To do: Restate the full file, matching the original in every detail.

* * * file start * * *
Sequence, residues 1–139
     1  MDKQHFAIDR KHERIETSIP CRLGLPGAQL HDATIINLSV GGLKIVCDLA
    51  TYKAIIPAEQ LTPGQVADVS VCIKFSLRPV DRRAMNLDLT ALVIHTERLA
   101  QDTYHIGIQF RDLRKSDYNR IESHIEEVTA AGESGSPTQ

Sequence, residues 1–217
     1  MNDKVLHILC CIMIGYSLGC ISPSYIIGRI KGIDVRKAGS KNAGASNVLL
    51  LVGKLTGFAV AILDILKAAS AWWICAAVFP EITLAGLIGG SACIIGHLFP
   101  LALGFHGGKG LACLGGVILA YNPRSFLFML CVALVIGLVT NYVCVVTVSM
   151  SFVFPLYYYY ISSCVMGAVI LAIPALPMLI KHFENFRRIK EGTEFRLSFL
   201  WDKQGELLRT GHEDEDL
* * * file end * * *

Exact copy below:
Sequence, residues 1–139
     1  MDKQHFAIDR KHERIETSIP CRLGLPGAQL HDATIINLSV GGLKIVCDLA
    51  TYKAIIPAEQ LTPGQVADVS VCIKFSLRPV DRRAMNLDLT ALVIHTERLA
   101  QDTYHIGIQF RDLRKSDYNR IESHIEEVTA AGESGSPTQ

Sequence, residues 1–217
     1  MNDKVLHILC CIMIGYSLGC ISPSYIIGRI KGIDVRKAGS KNAGASNVLL
    51  LVGKLTGFAV AILDILKAAS AWWICAAVFP EITLAGLIGG SACIIGHLFP
   101  LALGFHGGKG LACLGGVILA YNPRSFLFML CVALVIGLVT NYVCVVTVSM
   151  SFVFPLYYYY ISSCVMGAVI LAIPALPMLI KHFENFRRIK EGTEFRLSFL
   201  WDKQGELLRT GHEDEDL